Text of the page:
It would be amazing to hear your perspective. So please call in we want to hear what you guys the listening audience out there have to say always. Once again this show is for the people. We here at REVIVE thrive off of communication. So call us at (215)490-9832 or follow me on Twitter and Facebook @REVIVE_POC !
WE NEED YOU ALL TO BE APART OF THE CONVERSATION!!Post Views: 151
By Elliot Booker — 2 years ago
Over time, the perseverance of African Americans in the face of insurmountable challenges has been extraordinary. Triumph over these challenges has created a powerful, close-knit community that is dedicated to positive change and development. Now, in Black History Month, let’s celebrate technology as the catalyst for further development, paving the way for new opportunities in the African American community.
Communication Is Soaring
Going digital has meant a significant increase in communication. This has opened doors for people to engage with one another, to relay concerns, desires and—most importantly—goals.
Interestingly, 91% of African Americans own smartphones, deeming them the second-largest multicultural group of ownership. Additionally, in 2016, 91% of African Americans had internet access via smartphones or broadband—an increase from 86% in 2015— surpassing all other ethnic groups. This significant rate of change shows that opportunities for community development through communication is readily available to most, with technology
Social Media Is Increasing Dialogue
In addition to the general influx of smartphone and broadband utilization, African American millennials are leading the charge in communications through their significant presence on social media. According to the U.S. Census Bureau, there are more than 83 million millennials in the U.S., 14% of which are African American. This group isn’t just utilizing social media for overall engagement or for consumer purposes, but also as a powerful platform to make their voices heard on issues affecting the African American community, which is a significant step toward garnering solutions and ultimately bringing about positive change.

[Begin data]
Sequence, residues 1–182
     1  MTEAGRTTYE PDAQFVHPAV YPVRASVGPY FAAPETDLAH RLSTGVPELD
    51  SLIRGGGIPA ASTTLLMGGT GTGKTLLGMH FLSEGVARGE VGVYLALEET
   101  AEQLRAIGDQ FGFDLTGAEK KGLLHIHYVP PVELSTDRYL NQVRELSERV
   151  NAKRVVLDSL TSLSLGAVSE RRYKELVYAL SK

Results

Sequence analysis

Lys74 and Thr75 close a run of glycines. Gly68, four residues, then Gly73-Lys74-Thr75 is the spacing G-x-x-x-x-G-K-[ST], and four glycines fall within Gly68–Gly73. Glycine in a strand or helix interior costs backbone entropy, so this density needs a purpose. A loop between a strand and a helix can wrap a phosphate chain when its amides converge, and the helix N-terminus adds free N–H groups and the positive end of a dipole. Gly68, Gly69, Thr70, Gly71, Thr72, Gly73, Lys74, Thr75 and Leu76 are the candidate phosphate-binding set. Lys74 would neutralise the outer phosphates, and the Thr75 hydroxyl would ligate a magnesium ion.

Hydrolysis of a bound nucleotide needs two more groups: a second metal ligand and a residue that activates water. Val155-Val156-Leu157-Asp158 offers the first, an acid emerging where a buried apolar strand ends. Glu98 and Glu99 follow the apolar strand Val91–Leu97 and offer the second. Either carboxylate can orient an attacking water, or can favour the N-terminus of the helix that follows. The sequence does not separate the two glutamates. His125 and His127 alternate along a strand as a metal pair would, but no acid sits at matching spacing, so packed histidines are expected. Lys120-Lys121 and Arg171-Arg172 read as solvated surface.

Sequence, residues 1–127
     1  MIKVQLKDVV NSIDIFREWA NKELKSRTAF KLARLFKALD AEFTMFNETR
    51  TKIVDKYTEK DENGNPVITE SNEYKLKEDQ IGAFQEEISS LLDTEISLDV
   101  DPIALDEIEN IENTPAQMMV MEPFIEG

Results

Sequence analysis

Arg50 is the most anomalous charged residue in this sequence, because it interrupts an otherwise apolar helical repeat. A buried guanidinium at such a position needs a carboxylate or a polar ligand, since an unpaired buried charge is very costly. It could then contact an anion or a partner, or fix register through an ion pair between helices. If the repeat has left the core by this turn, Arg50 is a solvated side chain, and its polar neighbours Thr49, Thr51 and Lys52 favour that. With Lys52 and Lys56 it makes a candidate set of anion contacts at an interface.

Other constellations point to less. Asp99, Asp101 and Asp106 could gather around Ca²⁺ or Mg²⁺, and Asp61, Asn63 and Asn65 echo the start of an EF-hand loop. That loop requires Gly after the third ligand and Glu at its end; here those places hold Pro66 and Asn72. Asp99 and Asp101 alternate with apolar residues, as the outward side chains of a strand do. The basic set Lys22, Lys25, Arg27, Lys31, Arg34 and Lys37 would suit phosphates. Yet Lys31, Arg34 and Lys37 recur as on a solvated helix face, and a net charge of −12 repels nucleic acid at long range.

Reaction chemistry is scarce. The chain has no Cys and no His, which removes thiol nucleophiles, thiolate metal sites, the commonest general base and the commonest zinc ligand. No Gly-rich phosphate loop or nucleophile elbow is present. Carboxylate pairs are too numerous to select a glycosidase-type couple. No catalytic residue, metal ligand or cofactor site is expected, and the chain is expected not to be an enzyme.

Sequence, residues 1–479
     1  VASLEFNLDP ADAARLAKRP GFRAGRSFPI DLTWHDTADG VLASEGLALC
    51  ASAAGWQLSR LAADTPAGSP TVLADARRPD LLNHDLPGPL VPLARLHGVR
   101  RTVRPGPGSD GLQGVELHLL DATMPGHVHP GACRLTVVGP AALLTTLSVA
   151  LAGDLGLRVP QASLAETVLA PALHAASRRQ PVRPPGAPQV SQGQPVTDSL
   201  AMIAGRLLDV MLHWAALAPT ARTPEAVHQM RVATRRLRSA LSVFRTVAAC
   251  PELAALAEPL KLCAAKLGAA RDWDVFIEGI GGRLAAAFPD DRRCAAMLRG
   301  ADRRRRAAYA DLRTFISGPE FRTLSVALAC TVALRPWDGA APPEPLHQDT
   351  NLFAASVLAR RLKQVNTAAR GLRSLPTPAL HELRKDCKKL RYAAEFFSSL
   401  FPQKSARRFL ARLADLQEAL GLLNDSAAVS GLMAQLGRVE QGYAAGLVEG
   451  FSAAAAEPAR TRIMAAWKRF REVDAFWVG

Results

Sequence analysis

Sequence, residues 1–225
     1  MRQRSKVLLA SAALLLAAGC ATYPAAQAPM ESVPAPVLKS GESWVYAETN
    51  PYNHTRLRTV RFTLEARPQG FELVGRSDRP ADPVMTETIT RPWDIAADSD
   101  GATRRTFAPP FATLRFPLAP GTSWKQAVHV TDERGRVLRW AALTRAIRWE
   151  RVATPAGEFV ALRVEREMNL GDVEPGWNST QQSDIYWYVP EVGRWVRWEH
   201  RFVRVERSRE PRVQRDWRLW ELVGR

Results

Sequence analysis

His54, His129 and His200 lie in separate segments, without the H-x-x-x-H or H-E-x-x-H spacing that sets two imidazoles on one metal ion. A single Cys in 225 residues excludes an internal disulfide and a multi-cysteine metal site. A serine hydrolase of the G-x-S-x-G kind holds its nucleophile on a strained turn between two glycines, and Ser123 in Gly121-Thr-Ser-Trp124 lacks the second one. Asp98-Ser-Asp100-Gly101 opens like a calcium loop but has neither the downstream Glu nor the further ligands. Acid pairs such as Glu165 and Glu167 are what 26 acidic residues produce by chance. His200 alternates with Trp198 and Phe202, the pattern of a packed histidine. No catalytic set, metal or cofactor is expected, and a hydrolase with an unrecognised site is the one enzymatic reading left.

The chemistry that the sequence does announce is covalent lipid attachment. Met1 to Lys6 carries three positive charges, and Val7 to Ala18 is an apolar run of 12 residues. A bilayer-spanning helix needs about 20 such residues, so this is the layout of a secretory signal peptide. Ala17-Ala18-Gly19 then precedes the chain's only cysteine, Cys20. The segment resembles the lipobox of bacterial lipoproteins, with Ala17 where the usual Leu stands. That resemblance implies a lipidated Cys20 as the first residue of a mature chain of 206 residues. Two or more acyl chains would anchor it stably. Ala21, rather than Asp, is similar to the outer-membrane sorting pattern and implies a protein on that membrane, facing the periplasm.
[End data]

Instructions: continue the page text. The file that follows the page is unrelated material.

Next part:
Careers Are on the Rise
Did you know that the Obama administration set aside $850 million to increase the number of African Americans involved in STEM? This amount will be used on campaigns spanning the next 10 years with a focus on studies and jobs. The end-goal is greater than just inserting African Americans into the industry workforce; it’s also to help the community secure leadership positions. Remarkably, the percentage of African Americans in C-suite positions has doubled from 3% to 6% over the past 20 years. With such funding available to increase African American presence in STEM, it’s likely we’ll see that leadership number increase even more.
Tech Leaders Are Inspiring
The spotlight on leaders within various ethnicities has seemed to widen, and the African American community will flourish as the spotlight continues to expand. Kimberly Bryant, founder of Black Girls Code; Laura Weidman Powers, co-founder and chief executive officer of CODE2040; and Brandon Nicholson, founding executive director of The Hidden Genius Project are just three of the many examples of contemporary inspiring African American leaders, who are propelling the technology industry forward. The African American community can look to these examples as a guiding map on how to achieve personal success.